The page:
We now address whether petitioners failed to report $3,424 of rental income in 1996 as respondent determined. Petitioners did not introduce any evidence at trial regarding respondent's determination of the unreported rental income and did not address this determination in their brief. We conclude that petitioners have conceded this issue by not pursuing it on brief. See Nicklaus v. Commissioner , 117 T.C. 117, 120 n.4 (2001); Rybak v. Commissioner , 91 T.C. 524, 566 n.19 (1988).
IV. Accuracy-Related Penalty
We next consider whether petitioners are liable for the accuracy-related penalty under section 6662(a) due to negligence for each of the years at issue, as respondent determined. Petitioners bear the burden of production as well as the burden of proof with respect to the accuracy-related penalty because the examination commenced before section 7491(c) became effective. Rule 142(a); Bixby v. Commissioner , 58 T.C. 757, 791-792 (1972).
A taxpayer is liable for an accuracy-related penalty for any part of an underpayment attributable to, among other things, negligence or disregard of rules or regulations. 5 Sec. 6662(a) and (b)(1). Negligence is the lack of due care or failure to do what a reasonable and ordinarily prudent person would do under the circumstances. Neely v. Commissioner , 85 T.C. 934, 947 (1985). Negligence includes any failure by the taxpayer to keep adequate books and records or to substantiate items properly. Sec. 1.6662-3(b)(1), Income Tax Regs.
5 ═ Respondent determined in the alternative that petitioners are liable for the accuracy-related penalty for substantial understatements of income tax under sec. 6662(b)(2) for the years at issue. Because of our holding on the negligence issue, we need not consider whether the underpayments were also substantial understatements.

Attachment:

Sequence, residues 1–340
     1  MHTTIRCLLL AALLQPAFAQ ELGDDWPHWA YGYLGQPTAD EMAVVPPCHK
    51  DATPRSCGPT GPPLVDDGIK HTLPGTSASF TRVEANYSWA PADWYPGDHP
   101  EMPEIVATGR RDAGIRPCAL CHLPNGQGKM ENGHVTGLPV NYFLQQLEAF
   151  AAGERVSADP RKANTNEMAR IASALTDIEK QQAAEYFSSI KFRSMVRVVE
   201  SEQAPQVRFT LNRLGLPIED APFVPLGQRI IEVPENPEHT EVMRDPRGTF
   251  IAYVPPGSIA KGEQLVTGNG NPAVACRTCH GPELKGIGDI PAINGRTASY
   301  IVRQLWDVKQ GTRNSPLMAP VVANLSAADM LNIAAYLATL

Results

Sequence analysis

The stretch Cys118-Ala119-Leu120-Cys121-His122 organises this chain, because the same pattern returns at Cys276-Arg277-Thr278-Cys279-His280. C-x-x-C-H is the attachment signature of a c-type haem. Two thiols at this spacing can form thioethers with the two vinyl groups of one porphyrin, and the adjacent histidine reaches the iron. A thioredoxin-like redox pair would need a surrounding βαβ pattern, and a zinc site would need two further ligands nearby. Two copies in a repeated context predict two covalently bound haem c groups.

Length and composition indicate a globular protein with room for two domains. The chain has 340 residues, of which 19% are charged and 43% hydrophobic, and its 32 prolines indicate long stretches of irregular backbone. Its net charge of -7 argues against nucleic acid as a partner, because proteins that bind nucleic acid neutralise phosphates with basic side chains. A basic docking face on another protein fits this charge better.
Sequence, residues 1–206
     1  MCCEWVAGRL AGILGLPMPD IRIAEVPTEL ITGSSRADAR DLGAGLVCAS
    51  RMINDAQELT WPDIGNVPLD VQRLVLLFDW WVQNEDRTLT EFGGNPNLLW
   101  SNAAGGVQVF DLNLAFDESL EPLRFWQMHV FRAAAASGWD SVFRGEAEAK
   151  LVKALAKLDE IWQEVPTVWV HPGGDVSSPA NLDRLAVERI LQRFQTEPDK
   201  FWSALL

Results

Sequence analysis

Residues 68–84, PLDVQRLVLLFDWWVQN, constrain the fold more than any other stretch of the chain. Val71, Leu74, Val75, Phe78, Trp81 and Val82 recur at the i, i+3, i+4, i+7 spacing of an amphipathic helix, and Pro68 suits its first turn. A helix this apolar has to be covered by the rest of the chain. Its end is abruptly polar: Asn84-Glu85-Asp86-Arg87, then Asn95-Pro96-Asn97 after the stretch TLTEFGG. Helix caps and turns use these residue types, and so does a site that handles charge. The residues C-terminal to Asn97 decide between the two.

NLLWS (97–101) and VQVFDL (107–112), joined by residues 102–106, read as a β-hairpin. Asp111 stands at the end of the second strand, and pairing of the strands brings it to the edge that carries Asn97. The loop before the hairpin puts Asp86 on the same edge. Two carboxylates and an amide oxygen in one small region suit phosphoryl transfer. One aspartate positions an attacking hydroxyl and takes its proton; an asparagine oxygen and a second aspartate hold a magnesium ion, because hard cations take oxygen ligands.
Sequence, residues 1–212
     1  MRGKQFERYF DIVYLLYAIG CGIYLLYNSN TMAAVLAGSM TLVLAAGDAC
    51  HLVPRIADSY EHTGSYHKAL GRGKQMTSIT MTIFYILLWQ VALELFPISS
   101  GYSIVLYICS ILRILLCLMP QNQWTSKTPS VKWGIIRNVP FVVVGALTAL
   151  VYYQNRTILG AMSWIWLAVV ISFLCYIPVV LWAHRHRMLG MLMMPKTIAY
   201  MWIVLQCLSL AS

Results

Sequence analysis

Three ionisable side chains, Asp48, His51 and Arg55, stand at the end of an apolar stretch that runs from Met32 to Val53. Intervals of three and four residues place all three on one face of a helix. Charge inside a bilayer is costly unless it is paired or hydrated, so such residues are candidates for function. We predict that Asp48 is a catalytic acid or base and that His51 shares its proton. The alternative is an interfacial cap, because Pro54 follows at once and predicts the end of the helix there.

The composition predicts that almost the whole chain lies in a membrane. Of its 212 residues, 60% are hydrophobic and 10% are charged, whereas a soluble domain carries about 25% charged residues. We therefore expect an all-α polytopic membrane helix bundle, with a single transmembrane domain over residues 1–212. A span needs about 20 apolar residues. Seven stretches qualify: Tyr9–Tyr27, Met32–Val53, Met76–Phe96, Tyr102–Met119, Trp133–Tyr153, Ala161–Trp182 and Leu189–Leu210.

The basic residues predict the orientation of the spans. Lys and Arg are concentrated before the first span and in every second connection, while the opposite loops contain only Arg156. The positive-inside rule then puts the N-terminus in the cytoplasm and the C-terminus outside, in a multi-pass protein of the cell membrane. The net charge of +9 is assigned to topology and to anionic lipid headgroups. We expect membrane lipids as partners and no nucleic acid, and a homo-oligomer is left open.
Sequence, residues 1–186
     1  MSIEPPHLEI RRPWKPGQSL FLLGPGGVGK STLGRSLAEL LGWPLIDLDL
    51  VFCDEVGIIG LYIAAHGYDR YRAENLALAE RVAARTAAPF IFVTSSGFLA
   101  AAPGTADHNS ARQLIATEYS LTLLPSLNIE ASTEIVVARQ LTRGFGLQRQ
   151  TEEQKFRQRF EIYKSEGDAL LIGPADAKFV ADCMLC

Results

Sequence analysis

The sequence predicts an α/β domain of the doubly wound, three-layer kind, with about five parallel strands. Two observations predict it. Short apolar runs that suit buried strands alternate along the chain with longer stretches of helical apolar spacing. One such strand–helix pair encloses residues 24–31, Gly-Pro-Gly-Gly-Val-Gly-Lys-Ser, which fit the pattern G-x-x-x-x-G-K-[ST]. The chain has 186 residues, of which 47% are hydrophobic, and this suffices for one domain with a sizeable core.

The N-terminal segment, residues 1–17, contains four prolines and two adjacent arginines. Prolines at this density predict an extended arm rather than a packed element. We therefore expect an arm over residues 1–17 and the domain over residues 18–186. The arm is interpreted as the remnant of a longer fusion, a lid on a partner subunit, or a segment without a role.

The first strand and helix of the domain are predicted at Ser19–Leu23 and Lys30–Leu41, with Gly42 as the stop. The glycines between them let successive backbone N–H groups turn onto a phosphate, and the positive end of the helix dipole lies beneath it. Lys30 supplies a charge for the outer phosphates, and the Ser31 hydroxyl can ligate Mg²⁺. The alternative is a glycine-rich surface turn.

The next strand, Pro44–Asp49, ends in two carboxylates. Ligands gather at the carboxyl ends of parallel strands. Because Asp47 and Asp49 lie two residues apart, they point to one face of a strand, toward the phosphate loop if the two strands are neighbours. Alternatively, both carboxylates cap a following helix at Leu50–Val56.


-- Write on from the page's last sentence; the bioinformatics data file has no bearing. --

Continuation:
Petitioners submitted insufficient documentation for a few expenses, and had no documentation for the majority of the expenses claimed. We have found that petitioners failed to substantiate adequately any of the claimed business expense deductions in dispute. Accordingly, we find that petitioners were negligent in failing to substantiate any of their claimed expenses. The accuracy-related penalty under section 6662(a) does not apply to any portion of an underpayment, however, if there was reasonable cause for the taxpayer's position with respect to that portion and the taxpayer acted in good faith with respect to that portion. Sec. 6664(c)(1); sec. 1.6664-4(b), Income Tax Regs.
The determination of whether a taxpayer acted with reasonable cause and in good faith is made on a case-by-case basis, taking into account all pertinent facts and circumstances, including the taxpayer's efforts to assess his or her proper tax liability and the knowledge and experience of the taxpayer. Sec. 1.6664-4(b)(1), Income Tax Regs.
Petitioners argue that they acted with reasonable cause regarding the disallowed deductions, citing respondent's concessions. We disagree. While petitioners correctly assert that many of the expense adjustments respondent determined have been reduced by agreement of the parties, petitioners failed to substantiate any of the disputed expenses. Petitioner is a knowledgeable and experienced businessman. He is a certified financial planner, runs his own businesses, and prepared petitioners' returns, which included detailed depreciation schedules. Despite this, petitioners claimed deductions for hundreds of thousands of dollars of business expenses, none of which they could substantiate. Petitioners failed to convince the Court they took the requisite effort to determine their proper tax liability considering petitioner's knowledge and experience. We find that petitioners did not prove that the underpayments of income tax for the years at issue were due to reasonable cause and that they acted in good faith. Accordingly, we conclude that petitioners are liable for the accuracy-related penalty for each of the years at issue.
To reflect the foregoing and the concessions of the parties,
Decision will be entered under Rule 155.